The Place That Is…
Today, the town still carries the glory of yesteryears as its relative isolation has contributed in keeping the originality of the place intact. You can experience the essence of traditional Newari culture in Bandipur that still remains in its purest form today. One can also see many examples of Newari art and architecture in the temples and buildings of the tow. Besides this, Bandipur also has numerous natural attractions including various caves, beautiful forests, hilltops, landscapes and a panoramic view that captivates the hearts and souls of all visitors.
The houses are structured in traditional Newari design. The maintenance of the old houses is done with such meticulous detail and exactitude that their authenticity is not lost. The various shrines like Khadga Devi temple, Bindebasini temple and the Maha Laxmi temple, located in and around the town, also reflect and match the architecture of the Malla era. Despite being small, Bandipur projects the beauty of emblematical Newari art and architecture. The people still follow traditional norms of Nepali culture like “Atithiti Devo Bhava” (“Guests are Gods”) and are extremely hospitable to guests. You can stay in numerous guesthouses in the town and be assured of receiving traditional Newari hospitality.
Bandipur is blessed by nature and the two most notable caves found there are Swargadwari and Siddha Caves. Swargadwari Cave, also known as Paatali Dwar, is a two-hour hike from the main town. The cave is considered to be the gateway to heaven hence it is named as Swargadwari (doorway to heaven). Similarly, Siddha Cave, which is the largest cave in Nepal and has even been presumed to be the largest cave in Asia, is a newly discovered cave and has yet to be fully explored.
Bandipur being a hilltop settlement is well suited for mountain-viewing too. On a clear winter day the mountains sparkle bright with a white and yellowish hue against the blue backdrop of the sky. Tudhikhel, a flat field on the northern end of the town, the historical fort of Mukundeshawori and the Gurunche Hill are places famed for a panoramic view that encompasses nearly 900 Km of the delightful Himalayan range. The mountains that can be viewed from Bandipur extend from Jugal Himal in the east to Langtang Himal, Ganesh Himal, Gorkha Himal, Manaslu Himal, Himchuli Himal, Buddha Himal, Annapurna Himal, Dhaulagiri Himal and Kanjiroba Himal to the west. Make sure of being there at the right time of the year and you’ll be treated to a breathtaking view of the Himalayan range that is simply awesome.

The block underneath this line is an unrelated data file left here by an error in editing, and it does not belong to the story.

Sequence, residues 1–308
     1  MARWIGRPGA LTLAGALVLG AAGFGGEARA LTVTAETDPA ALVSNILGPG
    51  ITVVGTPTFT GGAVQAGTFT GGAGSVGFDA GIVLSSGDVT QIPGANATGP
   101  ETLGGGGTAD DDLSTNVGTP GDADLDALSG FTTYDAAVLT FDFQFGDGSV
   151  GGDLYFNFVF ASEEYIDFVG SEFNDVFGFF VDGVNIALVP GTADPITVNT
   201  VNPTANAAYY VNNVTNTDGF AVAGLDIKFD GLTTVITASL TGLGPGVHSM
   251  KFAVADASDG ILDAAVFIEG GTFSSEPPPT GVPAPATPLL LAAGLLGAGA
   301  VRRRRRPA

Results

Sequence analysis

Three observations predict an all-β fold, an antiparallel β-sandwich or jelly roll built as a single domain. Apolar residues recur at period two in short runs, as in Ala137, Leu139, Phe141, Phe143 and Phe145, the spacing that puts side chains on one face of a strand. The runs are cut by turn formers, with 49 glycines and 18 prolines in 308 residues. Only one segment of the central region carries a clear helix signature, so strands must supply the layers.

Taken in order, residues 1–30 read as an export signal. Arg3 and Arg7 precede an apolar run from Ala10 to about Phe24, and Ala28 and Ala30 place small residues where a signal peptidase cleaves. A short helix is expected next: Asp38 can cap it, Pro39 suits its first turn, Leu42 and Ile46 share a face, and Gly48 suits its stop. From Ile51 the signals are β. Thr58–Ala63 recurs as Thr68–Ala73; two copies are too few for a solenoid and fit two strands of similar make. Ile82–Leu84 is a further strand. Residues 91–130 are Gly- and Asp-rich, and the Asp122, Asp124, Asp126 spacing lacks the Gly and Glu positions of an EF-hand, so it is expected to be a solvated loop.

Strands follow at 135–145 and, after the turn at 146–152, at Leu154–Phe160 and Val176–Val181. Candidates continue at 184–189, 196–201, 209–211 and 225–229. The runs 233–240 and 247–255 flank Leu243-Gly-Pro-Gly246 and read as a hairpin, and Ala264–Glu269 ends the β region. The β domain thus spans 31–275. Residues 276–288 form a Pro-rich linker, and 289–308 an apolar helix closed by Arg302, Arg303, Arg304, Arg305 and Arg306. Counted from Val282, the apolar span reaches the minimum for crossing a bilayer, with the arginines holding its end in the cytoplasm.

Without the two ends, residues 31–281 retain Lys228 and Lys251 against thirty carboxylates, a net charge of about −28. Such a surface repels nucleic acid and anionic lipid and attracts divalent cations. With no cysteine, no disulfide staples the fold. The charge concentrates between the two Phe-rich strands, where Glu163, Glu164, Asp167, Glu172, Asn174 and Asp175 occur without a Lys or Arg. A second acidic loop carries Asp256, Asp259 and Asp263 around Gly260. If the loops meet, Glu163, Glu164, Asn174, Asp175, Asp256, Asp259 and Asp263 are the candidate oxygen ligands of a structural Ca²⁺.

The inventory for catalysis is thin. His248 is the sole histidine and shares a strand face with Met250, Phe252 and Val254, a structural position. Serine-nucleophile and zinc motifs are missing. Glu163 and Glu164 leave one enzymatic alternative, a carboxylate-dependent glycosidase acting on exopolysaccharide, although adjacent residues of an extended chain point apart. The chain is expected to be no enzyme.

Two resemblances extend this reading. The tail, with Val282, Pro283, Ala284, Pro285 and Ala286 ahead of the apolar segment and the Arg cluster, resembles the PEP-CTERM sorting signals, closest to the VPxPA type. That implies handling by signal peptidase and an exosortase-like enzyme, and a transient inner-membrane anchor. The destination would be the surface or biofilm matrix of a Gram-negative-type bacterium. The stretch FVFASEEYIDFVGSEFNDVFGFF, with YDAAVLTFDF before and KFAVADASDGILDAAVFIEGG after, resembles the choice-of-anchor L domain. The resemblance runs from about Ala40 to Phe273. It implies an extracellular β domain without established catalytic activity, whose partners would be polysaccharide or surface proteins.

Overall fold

The other enticing thing about Bandipur is its numerous small hiking trails leading to beautiful landscapes, forests and villages. A four-hour walk to the Magar village, Ramkot, gives you a typical overview of life of the Magar community. You can continue this hike up to Chapdi Barahi and to the popular Narayan Temple with its fishponds; the distance, about an hour from Ramkot. Another popular hiking route is a two hour hike to Mukundeshawori, a place dedicated to the goddess who is believed to have given King Mukunda Sen immense power and strength. The locals, and especially the Magars, believe the temple to be full of occult power. Another short hike from Bandipur also takes you to Bahun Bhanjyang past Raniban.
Bandipur has recently been recognized as a potential tourism spot. The place is the perfect blend of awe-inspiring nature and untainted culture. As it is opening up rapidly to embrace the outer world, it would be good idea for travel enthusiasts to get their gears ready to experience the natural aura and traditional mysticism of this ancient city before it is too late.
Explore Himalaya has reproduced this article with the kind permission of TravelTimes magazine (www.traveltimes-mag.com). This article was published in the May 2009 issue.
Our tour guides and drivers in Lhasa and the rest of Tibet did an excellent job. They were friendly, knowledgeable, good humored and we had a feeling that they did their best to make it a very good trip!